IWMI’s Global Map of Rainfed Cropland Areas (GMRCA) is a by-product
derived when working on IWMI’s Global Map of Irrigated Areas (GMIA).
The datasets approaches, and methods used to produce GMRCA are, to a
great extent, similar to producing GIAM. Thereby, we refer the
reader to detailed documentation on GIAM made available in this web
The Global Rainfed Croplands were estimated at 1.132 billion
hectares at the end of the last millennium, from the GMRCA products
(Biradar et al., 2007). This is 2.78 times the TAAI or net irrigated
areas (407 Mha) of the World. The GMRCA area provided here is for
the June-October period only. Like, GMIA it is possible to estimate
seasonal Global Rainfed Cropland areas using the products and
methods developed in this study. However, double crop rainfed is
considered negligible. The total cropland is estimated as 1.539
billion hectares of which 1.13 billion rainfed and 0.407 irrigated.
The importance of rainfed croplands can not be over-emphasized.
Rainfed croplands meet about 60 percent of the food and nutritional
needs of the World’s population, are backbone of the marginal or
subsistence farmers, and are increasingly seen as better alternative
to irrigated agriculture as a result of its environmental
friendliness and sustainability over long time periods. Rainfed
agriculture has an history of roughly 10,000 years compared to about
6000 year history of irrigated agriculture (see World resources
1992-1999, and Mackenzie and Mackenzie, 1995). Literature shows that
the World’s croplands increased from about 265 million hectares in
year 1700 to about 1.4 billion hectares in 1990, of which rainfed
cropland alone is about 1.2 billion hectares (Cramer and Soloman,
1993, Richards, 1990, Grubler, 1994, World Resources 1992-1999). Our
estimate of rainfed croplands of the World, at the end of the
millennium, is 1.13 billion hectares.
Most global digital maps (e.g., Loveland et al. 1999, Olson and
Watts, 1982, Matthews, 1983) over estimate agricultural areas as a
result of the pixel based area calculations (see Xiao, 1997, Cramer
and Soloman, 1993). A pixel when classified as agriculture is
automatically taken to have 100 % croplands in digital global maps.
In reality only a certain percentage of a pixel is in cropland and
that percentage can vary substantially. As a result the total
agricultural lands estimated in various digital maps were 2.7
billion hectares by Olson and watts (1982) using a 50-km grid, 3.2
billion hectares by Matthews (1983) using 100-km grid, and 2.8
billion hectares by IGBP and USGS using 1-km grid (see Loveland et
al. 1999). The FAO estimates based on Country statistics are closer
to reality. The FAO statistics show cultivated areas at about 1.5
billion hectares (FAO, 2002). Grubler (1994) estimated that an
increase of 1 billion arable lands would be needed for additional 5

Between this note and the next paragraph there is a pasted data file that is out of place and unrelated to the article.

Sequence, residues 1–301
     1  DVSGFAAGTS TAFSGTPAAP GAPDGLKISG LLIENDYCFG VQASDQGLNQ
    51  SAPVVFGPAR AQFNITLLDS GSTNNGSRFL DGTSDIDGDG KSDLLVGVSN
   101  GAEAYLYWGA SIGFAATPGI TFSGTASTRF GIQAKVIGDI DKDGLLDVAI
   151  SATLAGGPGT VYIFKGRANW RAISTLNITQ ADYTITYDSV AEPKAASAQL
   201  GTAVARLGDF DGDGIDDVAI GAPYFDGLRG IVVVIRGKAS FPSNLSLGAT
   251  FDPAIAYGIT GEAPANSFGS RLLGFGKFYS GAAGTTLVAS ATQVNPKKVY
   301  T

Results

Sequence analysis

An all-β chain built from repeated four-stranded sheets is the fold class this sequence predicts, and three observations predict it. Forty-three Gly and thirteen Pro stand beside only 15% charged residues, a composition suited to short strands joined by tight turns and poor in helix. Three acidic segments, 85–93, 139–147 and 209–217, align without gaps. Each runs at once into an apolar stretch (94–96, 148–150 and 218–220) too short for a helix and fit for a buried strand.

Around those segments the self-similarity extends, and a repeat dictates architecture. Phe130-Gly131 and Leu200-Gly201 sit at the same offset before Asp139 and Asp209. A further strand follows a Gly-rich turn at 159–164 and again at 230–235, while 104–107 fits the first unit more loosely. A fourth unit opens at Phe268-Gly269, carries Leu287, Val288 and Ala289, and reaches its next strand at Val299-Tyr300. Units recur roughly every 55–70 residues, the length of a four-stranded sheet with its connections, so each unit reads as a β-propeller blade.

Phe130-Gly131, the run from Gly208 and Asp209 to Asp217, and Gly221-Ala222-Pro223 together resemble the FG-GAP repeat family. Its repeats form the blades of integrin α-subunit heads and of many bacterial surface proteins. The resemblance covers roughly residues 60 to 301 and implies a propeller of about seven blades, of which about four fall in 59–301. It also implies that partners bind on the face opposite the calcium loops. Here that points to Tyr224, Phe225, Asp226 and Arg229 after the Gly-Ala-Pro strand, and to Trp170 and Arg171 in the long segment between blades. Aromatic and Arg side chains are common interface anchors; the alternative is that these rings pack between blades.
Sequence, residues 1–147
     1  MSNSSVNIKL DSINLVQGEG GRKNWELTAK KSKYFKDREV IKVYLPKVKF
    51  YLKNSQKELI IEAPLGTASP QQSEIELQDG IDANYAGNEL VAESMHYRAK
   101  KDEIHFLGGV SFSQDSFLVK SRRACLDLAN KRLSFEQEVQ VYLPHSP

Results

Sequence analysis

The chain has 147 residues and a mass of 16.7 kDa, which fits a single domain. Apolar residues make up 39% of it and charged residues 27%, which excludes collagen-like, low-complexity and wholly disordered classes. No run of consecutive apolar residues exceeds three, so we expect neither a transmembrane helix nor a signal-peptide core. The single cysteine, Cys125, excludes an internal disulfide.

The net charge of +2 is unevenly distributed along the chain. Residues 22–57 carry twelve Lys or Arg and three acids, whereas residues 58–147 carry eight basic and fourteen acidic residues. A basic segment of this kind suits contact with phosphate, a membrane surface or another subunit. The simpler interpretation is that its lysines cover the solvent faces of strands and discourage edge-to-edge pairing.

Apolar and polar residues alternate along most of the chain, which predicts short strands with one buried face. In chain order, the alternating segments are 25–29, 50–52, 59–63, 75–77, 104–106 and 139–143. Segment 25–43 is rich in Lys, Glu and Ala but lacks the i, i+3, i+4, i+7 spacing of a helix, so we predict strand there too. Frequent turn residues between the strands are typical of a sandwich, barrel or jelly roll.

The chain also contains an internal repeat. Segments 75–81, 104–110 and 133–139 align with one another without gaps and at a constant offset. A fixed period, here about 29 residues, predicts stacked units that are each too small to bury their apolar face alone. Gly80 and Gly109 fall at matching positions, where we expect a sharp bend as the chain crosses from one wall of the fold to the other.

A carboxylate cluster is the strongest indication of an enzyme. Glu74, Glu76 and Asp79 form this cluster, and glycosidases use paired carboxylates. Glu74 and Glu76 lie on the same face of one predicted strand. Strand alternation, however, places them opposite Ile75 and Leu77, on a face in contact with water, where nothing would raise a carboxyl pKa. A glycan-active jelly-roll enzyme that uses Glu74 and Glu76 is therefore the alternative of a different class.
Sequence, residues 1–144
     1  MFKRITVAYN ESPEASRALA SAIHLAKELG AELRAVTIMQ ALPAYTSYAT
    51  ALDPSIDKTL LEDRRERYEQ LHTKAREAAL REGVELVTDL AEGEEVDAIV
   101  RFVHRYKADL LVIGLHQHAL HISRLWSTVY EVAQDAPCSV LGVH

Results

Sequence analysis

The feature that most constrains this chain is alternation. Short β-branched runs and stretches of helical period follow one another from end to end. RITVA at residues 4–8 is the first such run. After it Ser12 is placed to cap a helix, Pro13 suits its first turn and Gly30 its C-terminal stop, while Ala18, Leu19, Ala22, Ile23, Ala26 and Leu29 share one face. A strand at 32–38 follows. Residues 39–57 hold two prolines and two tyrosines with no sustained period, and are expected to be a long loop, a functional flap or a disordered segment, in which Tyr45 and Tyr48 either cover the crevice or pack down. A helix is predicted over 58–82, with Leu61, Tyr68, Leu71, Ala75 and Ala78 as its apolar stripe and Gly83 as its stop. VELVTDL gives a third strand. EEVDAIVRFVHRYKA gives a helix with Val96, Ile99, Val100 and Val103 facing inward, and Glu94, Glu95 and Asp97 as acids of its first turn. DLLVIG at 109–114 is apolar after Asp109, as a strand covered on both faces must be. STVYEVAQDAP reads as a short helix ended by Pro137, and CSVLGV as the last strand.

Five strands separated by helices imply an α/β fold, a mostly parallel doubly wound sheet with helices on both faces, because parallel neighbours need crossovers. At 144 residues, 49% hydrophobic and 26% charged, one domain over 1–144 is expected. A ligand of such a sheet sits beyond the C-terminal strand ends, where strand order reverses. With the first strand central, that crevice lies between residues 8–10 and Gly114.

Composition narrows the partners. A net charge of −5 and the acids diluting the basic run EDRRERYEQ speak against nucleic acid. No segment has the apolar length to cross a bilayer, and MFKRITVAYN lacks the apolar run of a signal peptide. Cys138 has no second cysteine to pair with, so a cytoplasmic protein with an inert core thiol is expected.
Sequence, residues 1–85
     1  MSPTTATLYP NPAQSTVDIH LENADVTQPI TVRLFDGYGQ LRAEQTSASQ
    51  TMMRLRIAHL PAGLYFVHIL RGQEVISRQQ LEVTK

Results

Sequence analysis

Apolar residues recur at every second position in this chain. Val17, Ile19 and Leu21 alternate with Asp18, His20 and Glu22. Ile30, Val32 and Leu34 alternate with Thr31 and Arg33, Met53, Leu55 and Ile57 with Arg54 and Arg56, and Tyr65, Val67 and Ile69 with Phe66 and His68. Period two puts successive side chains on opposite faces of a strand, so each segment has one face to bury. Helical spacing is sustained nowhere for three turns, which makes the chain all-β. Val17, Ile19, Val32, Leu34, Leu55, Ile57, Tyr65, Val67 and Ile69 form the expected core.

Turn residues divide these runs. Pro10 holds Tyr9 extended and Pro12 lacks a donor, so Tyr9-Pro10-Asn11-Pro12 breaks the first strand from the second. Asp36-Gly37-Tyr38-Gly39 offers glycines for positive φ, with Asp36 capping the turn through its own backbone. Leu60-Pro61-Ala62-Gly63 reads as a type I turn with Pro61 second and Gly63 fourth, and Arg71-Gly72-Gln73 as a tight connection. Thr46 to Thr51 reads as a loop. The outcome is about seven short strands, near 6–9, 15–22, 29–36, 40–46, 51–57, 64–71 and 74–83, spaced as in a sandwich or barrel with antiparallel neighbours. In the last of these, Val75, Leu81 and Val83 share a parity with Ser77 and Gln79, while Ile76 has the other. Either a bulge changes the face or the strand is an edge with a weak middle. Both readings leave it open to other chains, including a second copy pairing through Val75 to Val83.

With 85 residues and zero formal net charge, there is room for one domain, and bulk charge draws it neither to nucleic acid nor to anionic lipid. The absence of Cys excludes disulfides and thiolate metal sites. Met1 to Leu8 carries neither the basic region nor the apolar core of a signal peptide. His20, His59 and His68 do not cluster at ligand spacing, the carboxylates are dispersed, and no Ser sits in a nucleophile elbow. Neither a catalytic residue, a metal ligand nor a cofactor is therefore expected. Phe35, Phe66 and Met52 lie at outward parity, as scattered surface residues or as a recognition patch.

billion world population in the 21st century.
The theoretical potential for cropland areas in the present
climatic conditions and based on soil, climate, and topography are
estimated at 3.29 billion hectares (Xiao et al. 1997) to 4.15
billion hectares (Cramer and Soloman, 1993). However, it must be
noted that the productivity of a large proportion of these lands is
limited due to poor soil fertility, soil depth, access to water, and
disease (e.g., Tse-tse flies and the black fleas). Any increase will
have to come from land conversions from forests and rangelands which
will be environmentally costly (Richards, 1990) or from protected
areas which is unacceptable.
In reality, cropland areas are shrinking in recent times as a
result of soil degradation, urbanization, and desertification and
global warming. Between the early 1960s and the late 1990s, world
cropland grew by only 11 percent, while world population almost
doubled. As a result, cropland per person fell by 40 percent, from
0.43 ha to only 0.26 ha. and reduced from 0.23 to 0.11 hectares
(FAO, 2002). In future, 80 percent of increased crop production in
developing countries will have to come from intensification: higher
yields, increased multiple cropping and shorter fallow periods.
Thereby, tracking changes in spatial distribution and changing
patterns of rainfed croplands is essential for understanding and
planning food and nutritional demands of expanding populations of
In this context, the IWMI’s GMRCA product-line provides a
benchmark measure of Rainfed Cropland Areas of the World at the end
of the last millennium. The sub-pixel area (SPAs) of GMRCA provides
realistic estimates of the actual area cultivated unlike the full
pixel areas (FPAs) of almost all other studies. The GMRCA
product-lines have maps, images, area characteristics and
calculations, snap-shots, and animations. In addition the satellite
sensor data mega-files and the ground-truth data used to produce the
GMRCA are made available.
There are two product-lines within GMRCA. These are:
1. Aggregated 9-class GMRCA map of the World; and
Dis-aggregated 67-class GMRCA map of the World.
The aggregated classes provide broad categories of rainfed
cropland classes. Often, most users would just need such broad
classes. The disaggregated classes provide a detailed picture and
are often invaluable at regional, National, and local levels. For
certain users, even at global level so that they can derive specific
classes of interest to them. The class labeling in disaggregated
classes are only indicative and can be improved.
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Dheeravath, V., Velpuri, M., Turral H., Cai, X. L., and Ganguntla,
O.R., 2007.. A Global map of rainfed cropland areas (GMRCA) using
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Cover: A Global Perspective, W.B. Meyer and B.L. Turner II (eds.),
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and Yang, L. 1999. An analysis of the IGBP global land-cover
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